One Night at Susie’s DVD Review: Makes a Hardened Man Humble

An early “all-talking” drama developed for audiences before the Hays Office sucked all the life out of the business, One Night at Susie’s not only gives us a grand glimpse at an infant Hollywood taking its first steps, but is one of the few films starring Billie Dove to have survived over the years. A highly adored actress of both the stage and the screen, Dove made several dozen movies in the Silent Era, retiring from the business shortly after the Sound Era came to be. Sadly, most of her legacy was erased from history by a studio fire, so whenever there’s a chance to check out one of her only surviving films intact, it’s something of a brass ring for pre-Code enthusiasts and vintage film lovers alike.

In the case of One Night at Susie’s, Ms. Dove stars as a chorus girl named Mary Martin, who catches the eye of a hopelessly romantic playwright named Dick (played by Douglas Fairbanks, Jr.). Quite the naïve fellow all around, Dick was the orphaned son of a fallen gangster who was taken in by Susie (Helen Ward), the latter determined to ensure the bright, talented youth never follows in the footsteps of his father. Despite her front as the head of a charitable home for underprivileged youth, the tough-as-nails Susie serves as a common ground for New York City’s biggest gangsters. The opening scene of the aged lady sitting at a table with eight rough-looking thugs standing around her in a circle, to wit she commands them to put their rods on the table might conjure up a visual fit only for specialty adult videos in today’s age, but in this instance, it’s to show us all that Susie possesses all the power in town.

And yet, Susie is unable to protect her young protégé once that darned chorus girl defends herself from the unwanted, immoral advances (read: attempted rape) of a sleazy theater producer, which results in said sleazy theater producer receiving a timely, totally morally acceptable demise (read: self-defense). But it’s Dick that takes the fall for his beloved, and winds up in prison anyway. From there, Dick continues to write, insisting Mary take the credit for his work so that she can become a big star for the both of them (I’d like to see that happen today, where even the people who design a film’s end title crawls with Adobe Premiere Pro receive credit for it), something Susie sees as the rising starlet’s further manipulation of a poor young gullible lad.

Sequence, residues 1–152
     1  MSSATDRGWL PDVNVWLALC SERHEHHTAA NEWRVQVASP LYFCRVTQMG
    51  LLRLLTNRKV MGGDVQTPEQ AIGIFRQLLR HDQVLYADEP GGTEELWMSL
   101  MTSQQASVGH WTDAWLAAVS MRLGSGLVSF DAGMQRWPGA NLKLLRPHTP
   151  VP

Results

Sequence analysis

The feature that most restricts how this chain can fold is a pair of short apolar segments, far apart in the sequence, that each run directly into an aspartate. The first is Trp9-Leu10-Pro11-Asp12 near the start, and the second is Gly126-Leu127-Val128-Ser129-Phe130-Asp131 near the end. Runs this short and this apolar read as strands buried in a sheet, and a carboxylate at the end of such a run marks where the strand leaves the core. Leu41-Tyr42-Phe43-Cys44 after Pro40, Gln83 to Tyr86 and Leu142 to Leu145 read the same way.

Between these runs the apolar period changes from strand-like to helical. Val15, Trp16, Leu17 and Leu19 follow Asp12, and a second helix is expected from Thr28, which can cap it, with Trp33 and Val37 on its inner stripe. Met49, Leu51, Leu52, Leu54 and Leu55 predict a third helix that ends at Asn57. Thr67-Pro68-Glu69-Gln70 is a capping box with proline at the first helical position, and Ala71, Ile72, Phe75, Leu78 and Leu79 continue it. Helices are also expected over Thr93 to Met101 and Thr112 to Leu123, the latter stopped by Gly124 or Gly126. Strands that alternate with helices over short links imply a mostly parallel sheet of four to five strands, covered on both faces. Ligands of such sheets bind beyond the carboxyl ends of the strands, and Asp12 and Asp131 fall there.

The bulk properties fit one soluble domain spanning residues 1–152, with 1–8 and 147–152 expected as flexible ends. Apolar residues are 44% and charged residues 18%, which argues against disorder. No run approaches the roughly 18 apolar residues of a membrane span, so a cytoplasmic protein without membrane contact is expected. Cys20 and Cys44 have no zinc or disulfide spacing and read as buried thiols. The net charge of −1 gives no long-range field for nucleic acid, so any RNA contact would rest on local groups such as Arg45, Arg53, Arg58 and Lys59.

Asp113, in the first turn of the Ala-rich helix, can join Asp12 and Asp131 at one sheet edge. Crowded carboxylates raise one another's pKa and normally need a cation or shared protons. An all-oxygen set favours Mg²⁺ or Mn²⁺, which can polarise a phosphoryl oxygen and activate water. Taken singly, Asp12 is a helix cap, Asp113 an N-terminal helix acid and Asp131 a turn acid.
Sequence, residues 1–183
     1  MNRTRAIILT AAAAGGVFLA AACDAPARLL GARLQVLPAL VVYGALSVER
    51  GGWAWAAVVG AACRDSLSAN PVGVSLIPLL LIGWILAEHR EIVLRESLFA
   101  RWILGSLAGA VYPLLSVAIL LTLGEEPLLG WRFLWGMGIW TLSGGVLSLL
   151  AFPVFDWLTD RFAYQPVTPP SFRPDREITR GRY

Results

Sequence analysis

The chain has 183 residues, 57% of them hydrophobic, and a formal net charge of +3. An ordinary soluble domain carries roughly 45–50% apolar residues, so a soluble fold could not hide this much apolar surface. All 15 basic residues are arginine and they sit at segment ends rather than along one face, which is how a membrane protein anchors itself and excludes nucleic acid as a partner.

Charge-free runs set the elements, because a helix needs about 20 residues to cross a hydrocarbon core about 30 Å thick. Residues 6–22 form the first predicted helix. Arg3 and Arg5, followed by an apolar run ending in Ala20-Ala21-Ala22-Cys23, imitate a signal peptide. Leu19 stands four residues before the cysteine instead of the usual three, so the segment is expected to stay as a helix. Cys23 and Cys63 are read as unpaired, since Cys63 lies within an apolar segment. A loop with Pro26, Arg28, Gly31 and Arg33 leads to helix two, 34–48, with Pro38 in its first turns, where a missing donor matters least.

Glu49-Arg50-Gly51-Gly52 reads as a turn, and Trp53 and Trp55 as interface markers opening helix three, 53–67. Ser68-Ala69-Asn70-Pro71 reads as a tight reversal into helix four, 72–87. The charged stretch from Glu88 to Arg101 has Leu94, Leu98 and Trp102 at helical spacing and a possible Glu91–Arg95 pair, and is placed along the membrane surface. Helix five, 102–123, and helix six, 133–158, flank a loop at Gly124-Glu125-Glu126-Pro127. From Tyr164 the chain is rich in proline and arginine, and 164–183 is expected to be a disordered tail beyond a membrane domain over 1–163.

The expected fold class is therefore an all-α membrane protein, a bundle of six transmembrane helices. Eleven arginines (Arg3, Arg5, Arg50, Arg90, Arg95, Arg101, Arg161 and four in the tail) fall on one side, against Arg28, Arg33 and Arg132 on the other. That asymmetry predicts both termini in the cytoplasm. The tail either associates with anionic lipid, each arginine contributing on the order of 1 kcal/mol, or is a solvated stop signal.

Such is not the case, of course, but Susie doesn’t know that. Fortunately for all, it’s only a matter of time before Dick is released from stir, wherein we all learn that One Night at Susie’s makes a hardened Dick humble. James Crane co-stars as a nefarious slimeball with a leering eye towards Billie and a passion for blackmailing, Tully Marshall (the first man to take the Lord’s name in vain on Broadway, interestingly enough), and John Loder (as the first sleazy theater producer) receives prominent billing despite being bumped off early (appearing in only one really noticeable scene prior to that) in a film that ultimately isn’t an Oscar-worthy affair (or even terribly memorable, for that matter), but will probably deserve a viewing from the more avid old school film buffs amongst you.

The Warner Archive presents One Night at Susie’s in its original 1.37:1 aspect ratio with its original mono English Vitaphone audio track. The quality for both the video and audio are fairly good considering their age, the period when the film was made, and the doomed history most of Ms. Dove’s movies have had. A trailer produced specifically for the movie featured Billie Dove and Douglas Fairbanks, Jr. addressing the good people in the audience, but was apparently unavailable when this Manufactured on Demand title was produced, as this is a barebones title all the way.

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Luigi Bastardo

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